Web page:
Wednesday, June 27, 2012

Online Summer Fun: The Good, the Bad, and the Ugly

We are halfway through Early National Hamster Fur Classics, so the class has pretty well separated itself into the students and the snowflakes, with the snowflakes further differentiating into the irritating but harmless and the "I'm counting the days till you're retaking this class with someone else" subsets.

The Good:

Soldier Sally is an Iraqi combat vet going to school on GI benefits. She has actually come to campus twice during office hours. She wants to excel in the class and asks good questions. She catches my mistakes and is polite when pointing out that a file hasn't loaded right or something I said should be visible isn't.  Her discussion posts are on topic, have lots of examples, and provide genuine insight into what she reads.  She is especially good at seeing how what hamsters wrote a long time ago influences our culture today.

Studious Stuart is disabled and takes online classes because he can't physically come to campus for long periods of time.  He wants to chat or email during office hours at least once a week. He already made arrangements to take his final exam at a testing center near home even though the final is still over a month away.  He has a strong sense of literary aesthetics and can analyze almost anything in terms of both culture and creative strategy. He also writes outstanding posts with no errors and is good at drawing out his classmates in discussion without being rude. He's the kind of student online learning is tailor made for because without it, he would not be able to get his degree.

The Bad

Intermittent Irma has selective literacy. When she does the class readings, she is good at demonstrating comprehension. Understanding directions, however, is another story. She did the first four assignments incorrectly. I put detailed comments on the first two about why, and the comments were almost identical each time. Not until she got the fourth F did she ask me about it, apparently being unable to read the feedback I sent previously. I went through it one more time. I just graded the fifth assignment. She did only half of what I asked. Guess who failed again?

Random Robert is a non-native speaker. He has incredible insight, but he too is not a good follower of directions. One of his discussion essays was brilliant in content (not so much in form with typical ELL errors), but it didn't answer any of the questions I asked.  Another time, he did a completely different set of readings from what I assigned and then wrote something that answered the question I asked but with no assigned content. I thought he might have plagiarized that one, so I spent about 30 minutes looking for it with no luck. I finally just asked him about it, and he told me he'd read everything in the whole textbook unit and picked the works he liked best.

The Ugly

Indifferent Irene has a stellar 20% average. She has missed three of the first five assignments, has not started on the research project, and refuses to interact with her study group. Being the good little online proffie I am, I've contacted her three times now to tell her I'm concerned about her performance and ask her to set an appointment with me to discuss how to improve. (If you think that's too much hand-holding, I agree with you; however, in the CC world, we have to demonstrate student engagement, and our new LMS actually tracks how many times I initiate conversations with my students.) I know Irene is getting my messages because she actually logs on fairly often. She just refuses to do any of the work. It's already mathematically impossible for her to earn anything below a low C, and that's only if she does A work the rest of the term. I have another set of discussions to grade tonight. Care to take bets on whether Irene did anything but access the page?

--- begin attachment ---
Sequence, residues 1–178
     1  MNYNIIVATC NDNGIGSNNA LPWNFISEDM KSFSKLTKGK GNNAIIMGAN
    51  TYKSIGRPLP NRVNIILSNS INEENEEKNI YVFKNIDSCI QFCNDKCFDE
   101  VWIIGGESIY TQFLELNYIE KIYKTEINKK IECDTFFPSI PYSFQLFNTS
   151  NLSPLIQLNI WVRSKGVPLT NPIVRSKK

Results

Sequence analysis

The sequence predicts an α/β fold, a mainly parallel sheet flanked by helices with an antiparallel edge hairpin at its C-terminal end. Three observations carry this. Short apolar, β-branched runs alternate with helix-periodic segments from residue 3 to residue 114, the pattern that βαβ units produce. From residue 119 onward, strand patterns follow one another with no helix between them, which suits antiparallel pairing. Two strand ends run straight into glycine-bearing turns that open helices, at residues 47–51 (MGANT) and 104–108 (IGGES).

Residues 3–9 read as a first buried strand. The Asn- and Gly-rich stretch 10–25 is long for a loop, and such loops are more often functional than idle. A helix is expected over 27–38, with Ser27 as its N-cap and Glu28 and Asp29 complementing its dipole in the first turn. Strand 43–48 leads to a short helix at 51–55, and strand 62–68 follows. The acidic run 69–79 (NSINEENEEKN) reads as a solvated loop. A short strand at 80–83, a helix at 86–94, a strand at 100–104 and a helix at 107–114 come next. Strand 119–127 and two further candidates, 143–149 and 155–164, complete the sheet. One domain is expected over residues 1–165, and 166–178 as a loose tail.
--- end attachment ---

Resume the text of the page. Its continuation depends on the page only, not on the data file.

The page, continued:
Authorial Anson announced to everyone on the first day of class that he is "a great writer."  If by great he means, "I can fill up a discussion board with the biggest load of bullshit and largest number of $3 words," then he's wildly successful.  He got pissy with me when I pointed out that he needs evidence from the text to support his opinion. He says I grade too hard and all his other English teachers have said he's brilliant.  He also complains regularly about the reading load, saying he does, after all, have a full-time job and a life. Gee, do you think his not doing the reading and then writing a bunch of really truly very unique and interesting commentary on how fascinating the wonderful classic works of the literature written by hamsters during our early national history which is so exceedingly important might be contributing to his 65% average?

Maybe one of these days I'll have a class full of Sallys and Stuarts.  It's been years since that happened, and it's never happened online.  In the meantime, I'll deal with my spaghetti Western assortment and do the best I can.


  1. I would like to continue with the theme of the day.

    In the event that these are the actual names of your students I suspect that

    1. A person's name actually does influence his or her behavior.
    2. You are fortunate that the class in online since it would be hard not to giggle when calling on them.
    3. You will be fired for posting this.

  2. Ben, please don't turn me in to Dr. Hodge or Dean Callahan! They'll know right away it's me because I look just like my avatar.

  3. ED - I think we have the same students. I telepathically send you my empathy.

  4. I, too, would love to have a class full of Sallys and Stuarts. The occasional appearance of their real-life counterparts (and even their slightly-less-perfect but still responsible and reasonable studious peers) definitely help to make classes of all sorts, but particularly online ones, more pleasant.


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